The neuroscience of music

brainmusic

While I regularly discuss the potential music can offer to people living with dementia, I really haven’t given much background on the neuroscience of music. Exactly how can playing a musical instrument shape our brain?

Basic neuroscience

Our brain is split in two, the left hemisphere and the right hemisphere. The left hemisphere is said to be responsible for logic and scientific endeavours, while the right hemisphere is said to be responsible for creativity. Essentially, we would use the left side of our brain for maths or science, while we would draw upon the right hemisphere for more creative tasks, such as art. Connecting the two hemispheres is a bridge of cells called the corpus callosum. Neurons (messages) fire between the two hemispheres through the corpus callosum. See the diagram below, the red structure is the corpus callosum.

 

 

Corpus_callosum.gif

Music & Neuroscience

Music requires the involvement of both hemispheres. Why? Well, if you think of a musician playing a violin. As they play, they require the precision and analytical skills of the left hemisphere as well as the creativity of the right hemisphere. So, both hemispheres have to work together for a musician to successful play their instrument. Over time, this causes the corpus callosum to grow bigger in a musician’s brain. A larger corpus callosum means the neurons in a musicians brain can take more diverse routes and fire more efficiently.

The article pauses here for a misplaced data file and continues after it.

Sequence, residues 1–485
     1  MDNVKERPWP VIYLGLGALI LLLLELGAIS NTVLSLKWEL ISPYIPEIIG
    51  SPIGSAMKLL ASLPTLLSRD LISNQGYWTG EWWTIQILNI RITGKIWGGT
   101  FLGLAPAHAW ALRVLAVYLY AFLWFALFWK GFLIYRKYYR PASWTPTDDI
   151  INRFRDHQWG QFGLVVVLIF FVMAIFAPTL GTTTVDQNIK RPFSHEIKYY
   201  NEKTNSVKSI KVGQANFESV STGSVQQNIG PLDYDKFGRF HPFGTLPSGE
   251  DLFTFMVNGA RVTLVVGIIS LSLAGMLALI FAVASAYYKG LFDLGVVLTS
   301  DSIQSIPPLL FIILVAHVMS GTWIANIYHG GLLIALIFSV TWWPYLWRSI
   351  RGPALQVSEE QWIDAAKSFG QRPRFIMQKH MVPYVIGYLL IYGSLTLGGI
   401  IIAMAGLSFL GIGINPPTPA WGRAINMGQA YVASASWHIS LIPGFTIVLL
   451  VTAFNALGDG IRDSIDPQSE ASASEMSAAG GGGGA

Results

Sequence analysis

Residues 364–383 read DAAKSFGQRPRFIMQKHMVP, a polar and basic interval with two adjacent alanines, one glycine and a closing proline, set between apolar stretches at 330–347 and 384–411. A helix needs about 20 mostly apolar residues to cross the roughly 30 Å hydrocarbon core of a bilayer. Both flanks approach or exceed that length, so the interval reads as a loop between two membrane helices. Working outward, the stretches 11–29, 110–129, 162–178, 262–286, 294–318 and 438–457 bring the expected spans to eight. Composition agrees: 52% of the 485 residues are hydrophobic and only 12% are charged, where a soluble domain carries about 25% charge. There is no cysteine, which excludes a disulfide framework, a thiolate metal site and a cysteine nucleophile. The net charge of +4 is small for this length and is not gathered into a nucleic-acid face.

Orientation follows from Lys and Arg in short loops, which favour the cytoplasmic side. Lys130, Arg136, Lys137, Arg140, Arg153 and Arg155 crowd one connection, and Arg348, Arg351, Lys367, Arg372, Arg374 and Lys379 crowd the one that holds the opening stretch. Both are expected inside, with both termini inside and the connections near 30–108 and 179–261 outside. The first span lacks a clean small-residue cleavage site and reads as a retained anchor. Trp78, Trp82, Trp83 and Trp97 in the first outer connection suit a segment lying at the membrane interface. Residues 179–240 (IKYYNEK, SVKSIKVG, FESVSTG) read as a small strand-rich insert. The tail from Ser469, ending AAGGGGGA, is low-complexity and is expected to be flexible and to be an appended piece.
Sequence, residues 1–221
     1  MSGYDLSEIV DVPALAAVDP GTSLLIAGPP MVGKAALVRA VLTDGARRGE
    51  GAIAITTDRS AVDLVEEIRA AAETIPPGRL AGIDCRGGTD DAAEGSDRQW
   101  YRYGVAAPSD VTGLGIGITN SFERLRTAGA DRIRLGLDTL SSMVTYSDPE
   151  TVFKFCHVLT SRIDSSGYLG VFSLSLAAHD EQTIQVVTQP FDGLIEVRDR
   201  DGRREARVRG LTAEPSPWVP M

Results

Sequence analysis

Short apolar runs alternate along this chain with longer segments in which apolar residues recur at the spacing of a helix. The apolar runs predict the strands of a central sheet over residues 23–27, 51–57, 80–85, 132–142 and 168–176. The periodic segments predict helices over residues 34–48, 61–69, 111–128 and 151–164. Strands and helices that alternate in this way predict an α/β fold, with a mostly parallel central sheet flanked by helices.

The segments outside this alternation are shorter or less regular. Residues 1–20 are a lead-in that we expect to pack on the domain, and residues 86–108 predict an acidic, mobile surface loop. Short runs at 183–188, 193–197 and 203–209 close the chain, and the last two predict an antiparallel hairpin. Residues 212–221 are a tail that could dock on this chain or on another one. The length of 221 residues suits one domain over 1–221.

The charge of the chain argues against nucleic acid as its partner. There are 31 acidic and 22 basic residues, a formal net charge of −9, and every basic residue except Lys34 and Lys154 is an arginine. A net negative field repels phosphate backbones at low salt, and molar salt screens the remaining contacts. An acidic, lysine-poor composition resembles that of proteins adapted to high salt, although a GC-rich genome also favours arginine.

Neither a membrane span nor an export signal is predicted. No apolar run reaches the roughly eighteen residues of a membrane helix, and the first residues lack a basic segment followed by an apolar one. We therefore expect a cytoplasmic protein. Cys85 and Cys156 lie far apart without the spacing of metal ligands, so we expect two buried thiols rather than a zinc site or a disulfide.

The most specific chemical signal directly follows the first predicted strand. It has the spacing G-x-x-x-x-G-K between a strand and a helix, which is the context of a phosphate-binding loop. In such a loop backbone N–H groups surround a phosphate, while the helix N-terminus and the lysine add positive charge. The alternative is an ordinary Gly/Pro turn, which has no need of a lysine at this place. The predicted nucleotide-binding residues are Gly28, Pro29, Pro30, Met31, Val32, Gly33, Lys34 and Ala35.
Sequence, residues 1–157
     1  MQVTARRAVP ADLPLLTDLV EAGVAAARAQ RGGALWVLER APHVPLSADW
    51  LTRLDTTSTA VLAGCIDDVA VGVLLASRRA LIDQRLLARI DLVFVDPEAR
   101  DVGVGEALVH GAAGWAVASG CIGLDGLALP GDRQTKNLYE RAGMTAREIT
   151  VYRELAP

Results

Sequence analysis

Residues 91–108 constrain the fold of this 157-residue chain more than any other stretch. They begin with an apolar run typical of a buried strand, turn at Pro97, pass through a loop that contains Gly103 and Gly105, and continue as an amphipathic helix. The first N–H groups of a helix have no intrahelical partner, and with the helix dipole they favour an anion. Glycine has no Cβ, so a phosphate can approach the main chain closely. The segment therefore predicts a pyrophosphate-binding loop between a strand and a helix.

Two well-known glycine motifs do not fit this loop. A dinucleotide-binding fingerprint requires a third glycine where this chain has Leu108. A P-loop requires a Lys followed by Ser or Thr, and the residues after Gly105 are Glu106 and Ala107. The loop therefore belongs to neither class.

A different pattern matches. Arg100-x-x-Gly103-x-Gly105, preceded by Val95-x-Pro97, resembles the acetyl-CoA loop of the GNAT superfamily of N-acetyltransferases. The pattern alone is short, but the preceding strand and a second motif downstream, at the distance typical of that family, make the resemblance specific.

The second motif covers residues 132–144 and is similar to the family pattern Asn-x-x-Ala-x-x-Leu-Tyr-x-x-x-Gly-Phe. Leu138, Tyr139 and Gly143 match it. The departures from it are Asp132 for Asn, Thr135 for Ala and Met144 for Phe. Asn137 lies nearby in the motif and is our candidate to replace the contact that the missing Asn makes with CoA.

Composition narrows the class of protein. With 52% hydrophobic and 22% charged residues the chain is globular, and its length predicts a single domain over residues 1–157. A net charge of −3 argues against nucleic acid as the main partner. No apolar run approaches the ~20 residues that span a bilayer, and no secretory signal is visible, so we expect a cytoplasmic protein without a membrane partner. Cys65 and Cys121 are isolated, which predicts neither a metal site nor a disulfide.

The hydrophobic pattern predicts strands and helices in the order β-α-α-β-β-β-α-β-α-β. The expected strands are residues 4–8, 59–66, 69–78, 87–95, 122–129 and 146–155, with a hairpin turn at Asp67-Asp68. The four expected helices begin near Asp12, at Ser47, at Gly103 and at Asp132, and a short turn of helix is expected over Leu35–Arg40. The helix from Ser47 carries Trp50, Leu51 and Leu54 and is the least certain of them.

But it’s not just the corpus callosum other parts of the brain, which are responsible for hearing, seeing and moving, also change in size. Like regularly lifting weights to grow a muscle, regularly playing a musical instrument causes all these areas (auditory, visual, motor & corpus callosum) to grow.

Music & Cognition

So, this poses the question, how do all these changes in structure translate to how our brain functions? Well, musicians have been shown to have greater ‘higher order cognitive abilities’, so they demonstrate a greater ability to focus attention, to avoid distractions, to multitask etc.

So regularly playing a musical instrument not only structurally changes the shape of our brain, it changes how our brain functions!

 

In the next blog post, I will discuss how we can take this knowledge forward in relation to brain health. If playing a musical instrument in your early-midlife causes all these structural and cognitive changes, what happens your brain as you age? Can playing a musical instrument keep your brain healthy as you get older?

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